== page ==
Niners show balance in shotgun formation

The shotgun formation . . . it’s not just for third downs anymore.


When the 49ers line up in the shotgun Sunday against the Packers, it is no longer a sure sign a pass play is forthcoming.


The 49ers have done something the past two games that they have never previously done. They have started running the ball out of the shotgun formation. In their 10-6 victory over the Bears, the 49ers lined up in the shotgun 23 times. They called 13 pass plays and 10 runs.


Passes: Alex Smith completed 9 of 11 passes for 71 yards. He was also sacked once, and scrambled once for 2 yards.


Runs: Frank Gore ran 10 times for 73 yards, and Michael Robinson had a 4-yard run.


“Traditionally thinking, when you line up in the shotgun, it is predominantly pass,” Smith said, “so to be able to run the ball out of the shotgun at least allows us to stay balanced.”


When teams line up in the shotgun, it limits the kind of run plays that can be called. The runs are mostly slow-developing runs, such as draws or counters, because the running back can’t begin moving toward the line of scrimmage at the snap like on a conventional power run.


“The kinds of runs that you are running, most of the time, are not direct runs because you don’t have a lead blocker,” Raye said.


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The 49ers’ willingness to run the ball from the shotgun is not a change in the offense, Raye said. But it is a change in emphasis.


QBs coach Mike Johnson took a year off from coaching last season. During that time, he visited with several college programs. He went to Illinois because he felt the Big Ten program does the best job of running the ball from the spread formation. Johnson shared that knowledge with Raye during the months when the 49ers began installing their offense.


“We discussed it in the offseason,” Raye said. “I think what you need to understand is what we’ve done has always been a part of what we do. We didn’t invent the runs we ran out of the shotgun. We have had, and been practicing, our third down, our quarterback-not-under-the-center offense and runs since March. So, it wasn’t something where, all of the sudden three weeks ago, because everyone thought we should be in the spread, that we went and looked at someone running the shotgun and came up with plays. It is a part of the offense that we have.”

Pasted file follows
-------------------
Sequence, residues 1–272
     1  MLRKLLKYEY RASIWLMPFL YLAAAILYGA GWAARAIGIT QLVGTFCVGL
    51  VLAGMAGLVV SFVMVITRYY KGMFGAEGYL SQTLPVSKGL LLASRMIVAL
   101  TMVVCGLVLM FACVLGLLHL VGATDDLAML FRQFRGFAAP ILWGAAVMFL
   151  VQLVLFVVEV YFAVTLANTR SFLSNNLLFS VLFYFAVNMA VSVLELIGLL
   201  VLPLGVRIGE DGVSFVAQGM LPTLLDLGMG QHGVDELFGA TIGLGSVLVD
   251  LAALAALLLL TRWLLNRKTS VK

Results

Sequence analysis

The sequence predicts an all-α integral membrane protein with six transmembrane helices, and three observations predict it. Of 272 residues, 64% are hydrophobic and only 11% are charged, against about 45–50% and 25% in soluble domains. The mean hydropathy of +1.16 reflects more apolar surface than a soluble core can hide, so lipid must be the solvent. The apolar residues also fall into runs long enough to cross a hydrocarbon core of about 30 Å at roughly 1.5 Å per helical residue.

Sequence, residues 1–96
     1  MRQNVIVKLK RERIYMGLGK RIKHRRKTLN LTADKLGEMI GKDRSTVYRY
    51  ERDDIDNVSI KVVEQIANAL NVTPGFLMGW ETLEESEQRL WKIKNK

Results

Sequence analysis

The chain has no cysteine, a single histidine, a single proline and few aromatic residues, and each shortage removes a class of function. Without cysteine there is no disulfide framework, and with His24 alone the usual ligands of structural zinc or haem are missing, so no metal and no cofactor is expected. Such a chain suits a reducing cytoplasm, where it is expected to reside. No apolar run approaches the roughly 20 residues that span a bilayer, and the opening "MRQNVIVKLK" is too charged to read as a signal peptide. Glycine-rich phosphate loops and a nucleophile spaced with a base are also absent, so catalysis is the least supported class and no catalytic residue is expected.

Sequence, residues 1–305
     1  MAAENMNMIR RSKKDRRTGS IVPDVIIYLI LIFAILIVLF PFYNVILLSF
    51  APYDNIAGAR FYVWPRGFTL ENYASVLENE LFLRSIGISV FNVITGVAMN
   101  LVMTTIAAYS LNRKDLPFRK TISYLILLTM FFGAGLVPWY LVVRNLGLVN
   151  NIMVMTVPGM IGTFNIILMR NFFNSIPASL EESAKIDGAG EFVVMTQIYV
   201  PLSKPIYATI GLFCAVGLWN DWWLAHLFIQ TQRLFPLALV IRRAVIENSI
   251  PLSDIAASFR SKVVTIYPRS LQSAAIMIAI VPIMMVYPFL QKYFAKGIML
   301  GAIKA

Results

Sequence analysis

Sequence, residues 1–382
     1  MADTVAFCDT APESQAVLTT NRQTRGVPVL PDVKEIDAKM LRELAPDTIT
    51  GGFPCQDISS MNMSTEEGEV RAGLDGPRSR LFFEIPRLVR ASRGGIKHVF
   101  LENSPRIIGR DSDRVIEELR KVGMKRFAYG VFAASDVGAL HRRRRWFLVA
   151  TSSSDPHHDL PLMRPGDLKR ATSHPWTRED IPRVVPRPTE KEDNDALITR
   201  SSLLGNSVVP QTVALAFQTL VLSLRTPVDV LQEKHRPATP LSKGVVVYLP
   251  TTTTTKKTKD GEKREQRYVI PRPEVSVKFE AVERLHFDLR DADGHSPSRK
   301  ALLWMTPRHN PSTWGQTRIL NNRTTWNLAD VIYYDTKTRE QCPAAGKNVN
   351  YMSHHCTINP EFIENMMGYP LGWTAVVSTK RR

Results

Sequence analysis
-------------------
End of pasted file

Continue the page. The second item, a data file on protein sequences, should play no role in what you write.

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Everybody this week has talked about the whole Alex Smith-Aaron Rodgers draft debate of 2005. But that was not an either/or situation. Twenty-two other teams passed on Rodgers from the time the 49ers selected Smith and the Packers went on the clock.


But there was a closer connection between the teams with the 2006 and 2009 drafts.


Green Bay had the No. 5 pick in ’06. It was a foregone conclusion Vernon Davis and A.J. Hawk were going to be picked fifth and sixth. The only question was in which order. The Packers had the fifth selection and they took A.J. Hawk.


Hawk, an inside linebacker, has been a good player. But he has not provided the kind of impact a team would want from a No. 5 overall pick. It’s not uncommon for teams to find a third-round pick who gives a team what Hawk has given the Packers.


Meanwhile, I was inundated with emails from 49ers fans the previous three seasons asking whether Davis was a bust. Davis is finally getting the ball thrown his way, and he’s compiling Pro Bowl-type credentials. (Davis is going to have a difficult time getting that recognition with Tony Gonzalez and Jason Witten in the NFC.)


This year, the Packers had the No. 9 pick. At that point, Michael Crabtree was the No. 1 player on the 49ers’ wish list. If the Packers had taken Crabtree, the 49ers would have selected tackle Michael Oher.


Instead, both teams got the player they wanted. The Packers selected defensive tackle B.J. Raji, and the 49ers got Crabtree.


Raji has played in seven games, and he has recorded 12 tackles. Crabtree has played in four games after a 71-day contract stalemate, and has 18 receptions for 215 yards. Of course, it’s way too early to say which team has gotten the better of that deal.


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